If the Dusit Devarana had opened at the precise same location about three decades ago it would have rightly earned the title of a resort—away from the city and laid out over a sprawling verdant stretch. But, given the rampant urban infestation to both sides of it, the property today, opening long after its inception, is termed an urban-resort, a much-feared term for none have managed to play this part to success. Yet.
I allowed myself to be transported to this world for a brief sojourn purely out of curiosity; a hedonistic hunger to see just how the people of Delhi can look forward to being pampered in the New Year, and beyond.
From the time you drive in, you notice the stress on form over function. The porch is a portico with 6.5 lakh plus flowers in metal, the largest installation I have seen to date since the Eiffel tower. From thereon as you proceed the hotel is an architectural marvel, one that draws on influences as diverse as Thai and the Ajanta and Ellora caves (although I thought that the latter one very Salvador Dali-esque), all punctuated with soothing Terrazzo, reflective pools, pillarless-juxtaposed-domes, and an unending play of lights and shadows, one that extends even into the stillness of the dark night. Of course the rooms are lavishly comfortable, the service, impeccable, and technologically unparalleled with iPads to control everything from lights and blinds down to the TV, internet, and even opening the door!
But as has already been learnt from urban-resorts past, it takes more than a central location with Zen aesthetics and a few gizmos to woo the regular city slicker; and the Devarana seems to have that covered: it’s their food and beverage offering. The Iah bar is done up like a fantasy boudoir, where arches meet corners in a symphony of sombre shades, and the music somehow seamlessly oscillates between a pianist and a DJ-console. Best yet, it is accessible to outsiders without having to circumnavigate the property so makes for the shortest line between a tired soul and his tipple.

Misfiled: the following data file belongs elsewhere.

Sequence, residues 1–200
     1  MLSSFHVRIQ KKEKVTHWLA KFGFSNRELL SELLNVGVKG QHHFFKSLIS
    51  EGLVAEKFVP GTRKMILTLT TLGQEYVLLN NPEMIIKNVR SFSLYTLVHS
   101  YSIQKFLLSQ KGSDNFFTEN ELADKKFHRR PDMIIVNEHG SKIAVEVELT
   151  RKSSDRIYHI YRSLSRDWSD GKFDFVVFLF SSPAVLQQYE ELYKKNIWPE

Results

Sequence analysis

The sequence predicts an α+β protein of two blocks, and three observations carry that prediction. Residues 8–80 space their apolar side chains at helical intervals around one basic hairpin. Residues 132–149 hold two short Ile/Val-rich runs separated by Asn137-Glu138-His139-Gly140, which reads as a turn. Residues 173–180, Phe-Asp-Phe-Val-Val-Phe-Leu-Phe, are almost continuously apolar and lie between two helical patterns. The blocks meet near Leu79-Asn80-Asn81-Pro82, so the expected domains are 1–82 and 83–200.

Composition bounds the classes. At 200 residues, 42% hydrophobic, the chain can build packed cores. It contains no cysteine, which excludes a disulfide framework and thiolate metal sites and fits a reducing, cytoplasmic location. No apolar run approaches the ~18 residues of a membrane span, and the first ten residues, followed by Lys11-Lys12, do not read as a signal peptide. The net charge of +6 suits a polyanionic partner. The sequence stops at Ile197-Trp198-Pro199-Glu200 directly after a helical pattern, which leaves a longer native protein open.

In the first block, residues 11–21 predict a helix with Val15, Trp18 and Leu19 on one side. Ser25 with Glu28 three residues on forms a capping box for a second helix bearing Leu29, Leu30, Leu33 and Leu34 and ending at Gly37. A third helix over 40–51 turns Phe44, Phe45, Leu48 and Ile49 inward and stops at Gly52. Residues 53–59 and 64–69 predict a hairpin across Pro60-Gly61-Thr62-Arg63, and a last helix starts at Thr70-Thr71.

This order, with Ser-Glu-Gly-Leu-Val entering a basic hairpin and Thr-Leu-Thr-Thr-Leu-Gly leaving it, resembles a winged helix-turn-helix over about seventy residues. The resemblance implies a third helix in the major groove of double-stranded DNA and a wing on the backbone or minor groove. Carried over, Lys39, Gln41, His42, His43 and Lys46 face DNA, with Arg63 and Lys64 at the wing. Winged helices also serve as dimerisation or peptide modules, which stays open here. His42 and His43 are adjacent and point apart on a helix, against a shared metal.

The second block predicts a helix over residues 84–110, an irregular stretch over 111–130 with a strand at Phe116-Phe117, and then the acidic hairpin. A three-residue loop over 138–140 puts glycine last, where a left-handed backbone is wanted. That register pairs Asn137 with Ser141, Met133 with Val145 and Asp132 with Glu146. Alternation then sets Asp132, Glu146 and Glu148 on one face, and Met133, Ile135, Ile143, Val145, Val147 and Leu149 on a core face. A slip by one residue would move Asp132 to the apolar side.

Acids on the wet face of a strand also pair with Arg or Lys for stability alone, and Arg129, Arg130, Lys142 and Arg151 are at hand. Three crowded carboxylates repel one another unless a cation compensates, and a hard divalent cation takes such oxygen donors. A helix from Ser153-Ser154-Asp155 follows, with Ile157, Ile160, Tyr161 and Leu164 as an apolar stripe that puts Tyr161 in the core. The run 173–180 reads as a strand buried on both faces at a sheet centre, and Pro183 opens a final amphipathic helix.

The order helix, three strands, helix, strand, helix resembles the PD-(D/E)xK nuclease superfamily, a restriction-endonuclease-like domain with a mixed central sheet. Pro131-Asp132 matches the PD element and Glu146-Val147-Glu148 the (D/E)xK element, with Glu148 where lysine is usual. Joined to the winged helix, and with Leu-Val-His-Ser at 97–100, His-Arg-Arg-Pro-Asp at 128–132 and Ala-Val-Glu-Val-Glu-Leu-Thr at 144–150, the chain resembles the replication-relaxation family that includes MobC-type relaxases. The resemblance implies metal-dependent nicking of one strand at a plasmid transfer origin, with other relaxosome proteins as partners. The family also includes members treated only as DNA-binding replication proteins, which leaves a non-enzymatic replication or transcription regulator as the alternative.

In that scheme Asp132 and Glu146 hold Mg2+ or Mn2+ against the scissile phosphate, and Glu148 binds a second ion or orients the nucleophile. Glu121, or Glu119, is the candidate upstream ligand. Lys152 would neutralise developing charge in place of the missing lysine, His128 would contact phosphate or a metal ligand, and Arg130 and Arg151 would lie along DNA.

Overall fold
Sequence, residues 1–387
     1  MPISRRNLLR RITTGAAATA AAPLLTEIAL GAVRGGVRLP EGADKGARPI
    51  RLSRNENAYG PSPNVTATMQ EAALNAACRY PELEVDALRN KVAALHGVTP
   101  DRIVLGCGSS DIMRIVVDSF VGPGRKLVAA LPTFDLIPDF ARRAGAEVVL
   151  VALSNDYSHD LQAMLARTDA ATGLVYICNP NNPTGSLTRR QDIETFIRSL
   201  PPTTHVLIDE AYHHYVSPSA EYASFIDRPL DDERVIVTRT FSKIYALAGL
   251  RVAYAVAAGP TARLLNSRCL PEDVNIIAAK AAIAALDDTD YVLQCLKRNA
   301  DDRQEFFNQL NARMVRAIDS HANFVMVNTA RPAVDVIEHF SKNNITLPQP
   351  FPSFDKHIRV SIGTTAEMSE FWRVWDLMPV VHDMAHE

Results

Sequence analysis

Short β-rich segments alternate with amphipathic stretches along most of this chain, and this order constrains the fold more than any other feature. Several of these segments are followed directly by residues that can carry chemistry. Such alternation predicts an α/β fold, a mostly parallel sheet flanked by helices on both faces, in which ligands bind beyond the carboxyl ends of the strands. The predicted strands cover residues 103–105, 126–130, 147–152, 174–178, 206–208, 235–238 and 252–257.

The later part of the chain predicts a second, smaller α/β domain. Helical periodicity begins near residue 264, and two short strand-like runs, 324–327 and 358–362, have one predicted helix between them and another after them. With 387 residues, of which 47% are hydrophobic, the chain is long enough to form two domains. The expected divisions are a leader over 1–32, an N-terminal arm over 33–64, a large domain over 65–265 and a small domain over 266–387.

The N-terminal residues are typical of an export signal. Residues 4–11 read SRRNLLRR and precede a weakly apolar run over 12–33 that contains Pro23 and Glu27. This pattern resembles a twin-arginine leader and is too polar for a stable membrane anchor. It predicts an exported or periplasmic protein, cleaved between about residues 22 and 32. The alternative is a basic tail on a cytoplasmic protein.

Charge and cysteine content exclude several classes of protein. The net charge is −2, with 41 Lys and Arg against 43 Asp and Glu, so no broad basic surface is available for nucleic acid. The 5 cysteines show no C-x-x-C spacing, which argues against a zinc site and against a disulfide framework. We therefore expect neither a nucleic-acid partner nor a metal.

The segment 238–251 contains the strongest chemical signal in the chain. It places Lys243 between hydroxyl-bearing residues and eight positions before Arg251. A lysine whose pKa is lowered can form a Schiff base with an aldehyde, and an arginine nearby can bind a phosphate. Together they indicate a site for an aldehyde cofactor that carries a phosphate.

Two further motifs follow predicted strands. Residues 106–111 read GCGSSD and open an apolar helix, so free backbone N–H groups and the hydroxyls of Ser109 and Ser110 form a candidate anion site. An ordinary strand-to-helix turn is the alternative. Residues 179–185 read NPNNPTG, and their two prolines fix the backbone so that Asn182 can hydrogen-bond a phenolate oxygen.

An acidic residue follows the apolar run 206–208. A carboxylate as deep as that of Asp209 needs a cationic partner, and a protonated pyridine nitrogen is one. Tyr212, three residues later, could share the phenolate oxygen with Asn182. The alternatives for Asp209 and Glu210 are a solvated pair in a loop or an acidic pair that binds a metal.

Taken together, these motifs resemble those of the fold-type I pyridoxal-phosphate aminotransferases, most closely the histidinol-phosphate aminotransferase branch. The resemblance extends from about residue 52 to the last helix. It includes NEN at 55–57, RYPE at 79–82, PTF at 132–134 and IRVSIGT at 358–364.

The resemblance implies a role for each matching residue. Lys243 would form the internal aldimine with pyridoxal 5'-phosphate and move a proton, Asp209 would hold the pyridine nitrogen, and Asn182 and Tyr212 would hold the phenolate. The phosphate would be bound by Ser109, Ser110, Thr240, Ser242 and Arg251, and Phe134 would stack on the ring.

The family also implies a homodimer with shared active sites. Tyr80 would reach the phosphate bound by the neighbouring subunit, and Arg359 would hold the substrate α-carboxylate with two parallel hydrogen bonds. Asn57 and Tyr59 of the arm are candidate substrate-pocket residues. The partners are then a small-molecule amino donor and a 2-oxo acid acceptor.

And finally the restaurant, Kiyan, one that purveys a fine-dining style table d’hôte fixed menu format over a la carte, and manages to stay focused on flavours, textures, and presentations without having an overdose of dishes on the menu. Over my three meals there, I had dedicated Thai, Western, and Indian fare and each time the experience was superlative. Chef Nishant hates the word ‘fusion’ (almost as much as he hates the nomenclature ‘coffee shop’) so focuses on keeping flavours pure and the presentation, regal. Special mention for the lobster-kichdi, the Atlantic cod with miso glaze, and the butter-poached quail with sweet Chorizo and Parma chip. Even the palate cleansers were no afterthought and the spiced buttermilk was one of the best I have tried in a hotel in a long while. The desserts were the kind that you will end up finishing no matter how much you gorged on the mains. The rhubarb cheesecake was brilliant but my favourite was the signature toffee coffee pudding.
This is a first Devarana for the Dusit group, a moniker they have only used for their spas so far. This is also the first luxury hotel to bring Kai, an upscale London-based Michelin-starred contemporary Chinese fine dining (read: beyond dim sums) to the city, one that will open doors soon. The success, if I may so prophesies, will depend not just on the comfort of their rooms but also on their culinary quotient. Rest, time will tell. For now, if you are curious, then a certain degree of decadence is just a pleasant drive away. email@example.com